EPA Use Paramilitary Force to Check Dirty Water

EPA Use Paramilitary Force to Check Dirty Water

What type of environmental crime investigation requires the Environmental Protection Agency (EPA) to show up in paramilitary gear?

From Alaska Dispatch:

Did it really take eight armed men and a squad-size display of paramilitary force to check for dirty water? Some of the miners, who run small businesses, say they felt intimidated.

Others wonder if the actions of the agents put everyone at risk. When your family business involves collecting gold far from nowhere, unusual behavior can be taken as a sign someone might be trying to stage a robbery. How is a remote placer miner to know the people in the jackets saying POLICE really are police?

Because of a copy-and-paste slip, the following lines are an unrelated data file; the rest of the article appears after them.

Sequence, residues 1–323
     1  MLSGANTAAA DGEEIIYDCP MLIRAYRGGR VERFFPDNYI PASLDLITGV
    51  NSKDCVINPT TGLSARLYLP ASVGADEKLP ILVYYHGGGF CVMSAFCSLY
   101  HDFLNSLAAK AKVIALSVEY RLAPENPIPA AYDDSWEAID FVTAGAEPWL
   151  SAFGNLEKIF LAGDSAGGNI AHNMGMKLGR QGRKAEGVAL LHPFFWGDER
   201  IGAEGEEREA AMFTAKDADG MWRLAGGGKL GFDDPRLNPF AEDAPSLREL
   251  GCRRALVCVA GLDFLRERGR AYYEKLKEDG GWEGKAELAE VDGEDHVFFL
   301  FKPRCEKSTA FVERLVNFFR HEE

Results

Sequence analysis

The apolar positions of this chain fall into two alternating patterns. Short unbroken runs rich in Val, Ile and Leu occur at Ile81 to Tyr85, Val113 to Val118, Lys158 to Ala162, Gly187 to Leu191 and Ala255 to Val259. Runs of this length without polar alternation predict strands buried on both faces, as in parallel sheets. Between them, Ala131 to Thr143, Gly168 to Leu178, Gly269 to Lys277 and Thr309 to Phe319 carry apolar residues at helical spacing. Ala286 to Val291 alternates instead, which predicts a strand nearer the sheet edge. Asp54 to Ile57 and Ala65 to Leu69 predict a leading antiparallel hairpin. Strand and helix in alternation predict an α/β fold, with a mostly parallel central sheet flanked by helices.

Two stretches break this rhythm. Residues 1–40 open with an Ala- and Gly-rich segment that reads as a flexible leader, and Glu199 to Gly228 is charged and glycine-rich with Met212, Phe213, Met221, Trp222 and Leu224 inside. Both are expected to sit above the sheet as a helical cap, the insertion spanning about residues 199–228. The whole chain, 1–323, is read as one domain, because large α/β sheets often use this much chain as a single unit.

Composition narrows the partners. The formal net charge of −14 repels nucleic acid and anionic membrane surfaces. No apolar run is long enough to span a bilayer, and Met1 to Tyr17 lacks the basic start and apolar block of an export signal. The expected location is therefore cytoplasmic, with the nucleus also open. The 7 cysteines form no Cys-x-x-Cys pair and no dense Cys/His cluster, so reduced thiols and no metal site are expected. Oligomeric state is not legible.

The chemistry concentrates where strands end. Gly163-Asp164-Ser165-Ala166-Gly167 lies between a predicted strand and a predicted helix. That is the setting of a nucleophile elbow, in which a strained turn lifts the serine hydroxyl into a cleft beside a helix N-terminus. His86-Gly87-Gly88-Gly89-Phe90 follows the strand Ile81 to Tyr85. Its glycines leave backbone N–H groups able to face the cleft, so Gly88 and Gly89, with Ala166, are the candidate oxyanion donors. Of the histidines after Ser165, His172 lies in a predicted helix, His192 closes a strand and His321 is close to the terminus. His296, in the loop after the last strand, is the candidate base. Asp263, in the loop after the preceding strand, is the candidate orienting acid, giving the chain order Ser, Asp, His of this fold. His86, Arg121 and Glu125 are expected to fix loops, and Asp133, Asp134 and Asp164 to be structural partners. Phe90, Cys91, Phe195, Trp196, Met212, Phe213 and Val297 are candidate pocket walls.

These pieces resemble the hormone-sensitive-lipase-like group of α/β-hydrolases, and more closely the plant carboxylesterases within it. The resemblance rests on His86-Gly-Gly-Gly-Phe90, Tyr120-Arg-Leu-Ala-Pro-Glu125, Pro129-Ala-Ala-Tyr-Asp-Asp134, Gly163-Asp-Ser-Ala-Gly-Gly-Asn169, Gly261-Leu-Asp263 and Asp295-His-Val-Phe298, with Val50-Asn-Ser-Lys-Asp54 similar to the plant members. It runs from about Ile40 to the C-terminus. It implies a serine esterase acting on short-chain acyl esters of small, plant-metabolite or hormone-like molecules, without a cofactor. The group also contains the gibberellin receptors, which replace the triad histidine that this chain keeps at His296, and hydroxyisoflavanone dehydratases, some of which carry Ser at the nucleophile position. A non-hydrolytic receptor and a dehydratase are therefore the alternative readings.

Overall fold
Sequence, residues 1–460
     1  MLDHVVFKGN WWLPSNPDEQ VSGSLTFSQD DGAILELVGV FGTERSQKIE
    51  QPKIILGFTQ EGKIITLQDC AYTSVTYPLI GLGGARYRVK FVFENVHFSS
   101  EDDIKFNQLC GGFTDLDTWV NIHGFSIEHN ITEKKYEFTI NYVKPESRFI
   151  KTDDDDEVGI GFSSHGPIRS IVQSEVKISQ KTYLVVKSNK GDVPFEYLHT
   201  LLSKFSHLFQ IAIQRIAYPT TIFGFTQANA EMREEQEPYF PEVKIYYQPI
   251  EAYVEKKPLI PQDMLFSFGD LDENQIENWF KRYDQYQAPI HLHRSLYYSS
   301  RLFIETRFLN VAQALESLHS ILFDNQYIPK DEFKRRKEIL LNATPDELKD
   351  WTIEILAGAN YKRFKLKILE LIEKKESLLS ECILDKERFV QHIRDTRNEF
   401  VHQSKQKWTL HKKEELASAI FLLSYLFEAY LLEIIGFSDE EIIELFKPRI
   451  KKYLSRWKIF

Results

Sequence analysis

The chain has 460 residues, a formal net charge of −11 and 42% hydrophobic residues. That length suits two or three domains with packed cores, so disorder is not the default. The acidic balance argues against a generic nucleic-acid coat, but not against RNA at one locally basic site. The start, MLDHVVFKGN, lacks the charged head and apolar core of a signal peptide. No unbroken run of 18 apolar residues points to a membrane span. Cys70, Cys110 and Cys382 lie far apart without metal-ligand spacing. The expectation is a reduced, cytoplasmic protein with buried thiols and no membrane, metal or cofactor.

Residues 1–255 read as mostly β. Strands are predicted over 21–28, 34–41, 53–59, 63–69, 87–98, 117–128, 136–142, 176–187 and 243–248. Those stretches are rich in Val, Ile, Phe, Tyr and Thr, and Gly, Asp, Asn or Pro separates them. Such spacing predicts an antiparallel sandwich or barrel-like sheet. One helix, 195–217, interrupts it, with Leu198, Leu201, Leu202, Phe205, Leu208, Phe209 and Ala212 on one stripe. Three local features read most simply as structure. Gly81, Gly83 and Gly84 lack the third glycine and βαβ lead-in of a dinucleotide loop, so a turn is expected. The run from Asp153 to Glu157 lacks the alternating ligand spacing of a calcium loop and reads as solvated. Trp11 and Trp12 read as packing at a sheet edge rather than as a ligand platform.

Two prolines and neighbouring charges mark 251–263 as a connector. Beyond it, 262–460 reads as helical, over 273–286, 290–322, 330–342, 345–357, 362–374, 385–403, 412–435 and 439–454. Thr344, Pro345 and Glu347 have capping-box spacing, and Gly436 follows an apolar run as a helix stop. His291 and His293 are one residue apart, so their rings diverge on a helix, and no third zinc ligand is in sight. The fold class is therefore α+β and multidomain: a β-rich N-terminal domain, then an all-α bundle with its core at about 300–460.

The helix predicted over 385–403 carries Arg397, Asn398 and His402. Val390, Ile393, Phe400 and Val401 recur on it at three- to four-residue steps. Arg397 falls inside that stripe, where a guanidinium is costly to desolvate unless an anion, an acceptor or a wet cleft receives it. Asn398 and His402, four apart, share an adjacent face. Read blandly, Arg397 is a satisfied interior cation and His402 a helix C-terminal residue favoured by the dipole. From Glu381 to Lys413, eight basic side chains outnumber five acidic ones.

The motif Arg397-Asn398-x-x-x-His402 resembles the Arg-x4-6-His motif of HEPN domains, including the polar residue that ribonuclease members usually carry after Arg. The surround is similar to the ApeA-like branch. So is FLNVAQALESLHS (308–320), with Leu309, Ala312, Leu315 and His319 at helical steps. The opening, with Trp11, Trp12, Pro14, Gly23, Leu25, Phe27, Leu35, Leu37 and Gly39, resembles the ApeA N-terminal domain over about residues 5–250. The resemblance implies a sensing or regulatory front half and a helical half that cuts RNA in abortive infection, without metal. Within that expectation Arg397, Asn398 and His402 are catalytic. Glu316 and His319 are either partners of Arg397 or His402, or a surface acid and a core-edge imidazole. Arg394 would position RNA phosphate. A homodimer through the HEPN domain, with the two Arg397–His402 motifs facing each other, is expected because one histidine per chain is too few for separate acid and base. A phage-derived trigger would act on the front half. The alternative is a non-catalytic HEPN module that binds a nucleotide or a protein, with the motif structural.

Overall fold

Miners suggest it might have been better all around if officials had just shown up at the door — as they used to do — and said they wanted to check the water.

Militarization of police and federal agencies creates a wider problem of perception. If the goal of the government is to instill fear and panic, it may be a good move to send armed squads to perform basic tasks, but in this case there does not seem to have been any credible reason for the EPA's heavy-handed approach.

Source: Alaska Dispatch
Photo: joshuamatthewpeters, on Flickr


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